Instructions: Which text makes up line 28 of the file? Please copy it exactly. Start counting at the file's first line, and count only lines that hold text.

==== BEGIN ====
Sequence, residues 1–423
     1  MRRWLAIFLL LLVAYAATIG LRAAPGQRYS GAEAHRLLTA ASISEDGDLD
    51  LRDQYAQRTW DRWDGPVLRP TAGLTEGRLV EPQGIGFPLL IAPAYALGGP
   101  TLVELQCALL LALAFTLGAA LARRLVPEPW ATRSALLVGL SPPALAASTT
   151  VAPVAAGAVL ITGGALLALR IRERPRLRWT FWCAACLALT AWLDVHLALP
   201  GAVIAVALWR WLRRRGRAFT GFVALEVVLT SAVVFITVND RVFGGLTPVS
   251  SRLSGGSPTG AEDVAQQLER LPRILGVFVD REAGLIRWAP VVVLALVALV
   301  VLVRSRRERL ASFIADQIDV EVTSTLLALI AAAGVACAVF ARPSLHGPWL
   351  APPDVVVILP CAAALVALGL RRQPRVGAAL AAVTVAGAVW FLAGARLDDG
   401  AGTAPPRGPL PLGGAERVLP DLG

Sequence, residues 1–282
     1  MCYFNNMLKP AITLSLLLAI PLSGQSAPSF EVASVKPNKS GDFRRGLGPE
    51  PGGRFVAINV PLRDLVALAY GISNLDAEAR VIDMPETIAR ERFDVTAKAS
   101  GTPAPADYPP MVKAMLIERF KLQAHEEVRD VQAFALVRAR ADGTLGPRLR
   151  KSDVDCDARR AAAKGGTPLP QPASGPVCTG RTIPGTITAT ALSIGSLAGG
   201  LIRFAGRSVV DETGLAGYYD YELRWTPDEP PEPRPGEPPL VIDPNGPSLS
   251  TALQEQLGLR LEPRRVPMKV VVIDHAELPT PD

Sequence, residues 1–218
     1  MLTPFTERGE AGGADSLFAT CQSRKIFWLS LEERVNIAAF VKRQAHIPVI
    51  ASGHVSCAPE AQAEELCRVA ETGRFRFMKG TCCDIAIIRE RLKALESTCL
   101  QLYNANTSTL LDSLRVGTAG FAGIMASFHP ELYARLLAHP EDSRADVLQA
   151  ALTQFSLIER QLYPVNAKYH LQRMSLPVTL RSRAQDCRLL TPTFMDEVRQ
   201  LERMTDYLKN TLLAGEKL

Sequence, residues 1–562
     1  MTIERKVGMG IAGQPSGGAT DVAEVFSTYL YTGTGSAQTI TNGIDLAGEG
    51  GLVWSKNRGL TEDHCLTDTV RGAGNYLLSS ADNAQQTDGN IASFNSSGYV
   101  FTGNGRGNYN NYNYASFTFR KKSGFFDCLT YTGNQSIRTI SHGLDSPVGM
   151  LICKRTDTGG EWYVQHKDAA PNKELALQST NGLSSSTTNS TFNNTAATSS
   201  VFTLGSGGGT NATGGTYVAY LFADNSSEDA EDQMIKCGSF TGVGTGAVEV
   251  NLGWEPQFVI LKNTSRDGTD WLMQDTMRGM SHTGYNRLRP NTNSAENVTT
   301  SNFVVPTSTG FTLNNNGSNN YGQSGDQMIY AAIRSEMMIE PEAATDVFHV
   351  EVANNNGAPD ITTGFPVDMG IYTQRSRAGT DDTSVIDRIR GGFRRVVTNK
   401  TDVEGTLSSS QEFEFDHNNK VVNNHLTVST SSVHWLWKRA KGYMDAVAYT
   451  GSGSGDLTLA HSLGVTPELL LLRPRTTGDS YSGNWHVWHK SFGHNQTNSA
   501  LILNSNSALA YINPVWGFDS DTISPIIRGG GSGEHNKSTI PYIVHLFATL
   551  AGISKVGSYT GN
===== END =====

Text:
   151  LICKRTDTGG EWYVQHKDAA PNKELALQST NGLSSSTTNS TFNNTAATSS